Sign up ×
Mathematics Stack Exchange is a question and answer site for people studying math at any level and professionals in related fields. It's 100% free, no registration required.

$$ \int e^{ax}\cos(bx)\,\mathrm dx = \frac1{a}e^{ax}\cos(bx) + \frac{b}{a^2}e^{ax}\sin(bx) - \frac{b^2}{a^2}\int e^{ax}\cos(bx)\,\mathrm dx$$

$$\left(1 + \frac{b^2}{a^2}\right)\int e^{ax}\cos(bx)\,\mathrm dx = \frac{1}{a}e^{ax}\cos(bx) + \frac{b}{a^2}e^{ax}\sin(bx) + C$$

Where does the $1$ in $\displaystyle \left(1 + \frac{b^2}{a^2}\right)$ come from?

share|cite|improve this question

1 Answer 1

up vote 3 down vote accepted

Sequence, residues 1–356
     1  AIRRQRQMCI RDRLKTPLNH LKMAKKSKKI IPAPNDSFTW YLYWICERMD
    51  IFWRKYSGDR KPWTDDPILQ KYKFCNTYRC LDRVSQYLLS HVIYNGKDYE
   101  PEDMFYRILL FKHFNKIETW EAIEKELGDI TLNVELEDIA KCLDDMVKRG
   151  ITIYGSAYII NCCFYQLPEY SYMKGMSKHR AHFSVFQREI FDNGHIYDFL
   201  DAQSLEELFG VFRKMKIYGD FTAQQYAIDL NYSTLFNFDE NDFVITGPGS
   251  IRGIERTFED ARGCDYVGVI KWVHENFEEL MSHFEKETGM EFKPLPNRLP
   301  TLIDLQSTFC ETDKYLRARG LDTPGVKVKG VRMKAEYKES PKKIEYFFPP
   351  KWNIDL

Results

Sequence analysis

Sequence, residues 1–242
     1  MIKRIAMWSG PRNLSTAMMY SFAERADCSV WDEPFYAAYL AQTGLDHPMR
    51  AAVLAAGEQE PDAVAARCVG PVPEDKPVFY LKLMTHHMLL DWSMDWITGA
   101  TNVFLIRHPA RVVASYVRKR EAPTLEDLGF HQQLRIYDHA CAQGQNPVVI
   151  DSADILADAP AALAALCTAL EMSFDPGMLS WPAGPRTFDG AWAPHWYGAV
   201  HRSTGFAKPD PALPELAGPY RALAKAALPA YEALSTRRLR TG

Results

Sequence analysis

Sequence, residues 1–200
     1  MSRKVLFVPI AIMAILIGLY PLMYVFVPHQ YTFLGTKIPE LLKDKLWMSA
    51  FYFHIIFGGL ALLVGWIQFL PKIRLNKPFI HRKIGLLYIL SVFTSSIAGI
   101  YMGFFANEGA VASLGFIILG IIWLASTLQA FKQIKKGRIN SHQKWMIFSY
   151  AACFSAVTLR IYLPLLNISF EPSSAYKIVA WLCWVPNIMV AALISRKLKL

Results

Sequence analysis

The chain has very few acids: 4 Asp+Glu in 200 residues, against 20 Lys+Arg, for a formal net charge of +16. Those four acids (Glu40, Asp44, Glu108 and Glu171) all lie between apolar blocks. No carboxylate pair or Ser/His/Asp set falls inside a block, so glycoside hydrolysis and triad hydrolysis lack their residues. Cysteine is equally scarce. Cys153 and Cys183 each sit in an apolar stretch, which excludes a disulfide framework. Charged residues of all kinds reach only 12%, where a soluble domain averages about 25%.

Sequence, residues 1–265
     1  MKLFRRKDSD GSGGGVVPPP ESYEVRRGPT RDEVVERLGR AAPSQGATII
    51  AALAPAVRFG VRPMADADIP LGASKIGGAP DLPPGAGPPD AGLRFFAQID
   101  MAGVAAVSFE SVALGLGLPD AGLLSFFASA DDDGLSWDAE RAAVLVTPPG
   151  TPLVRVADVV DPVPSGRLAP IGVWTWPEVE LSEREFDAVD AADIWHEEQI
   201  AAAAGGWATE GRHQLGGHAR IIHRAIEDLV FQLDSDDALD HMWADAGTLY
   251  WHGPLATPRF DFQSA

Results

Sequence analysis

Yeah so they have taken the quantity $-b^{2}/a^{2}$ to the Left hand side. So you have the LHS as $$1 \cdot \int e^{ax}\cos(bx) \rm{dx} + \frac{b^{2}}{a^{2}} \int e^{ax}\cos(bx) \ \text{dx} = \Bigl(1+\frac{b^{2}}{a^{2}}\Bigr)\int e^{ax}\cos(bx) \ \text{dx}$$

share|cite|improve this answer
If $a \neq 0$ and you multiply $a$ with $1$ you get $a$ itself. – user9413 May 16 '11 at 8:53
I guess there is a 1 there. Thank you =) – Louis May 16 '11 at 9:00

Your Answer


By posting your answer, you agree to the privacy policy and terms of service.

Not the answer you're looking for? Browse other questions tagged or ask your own question.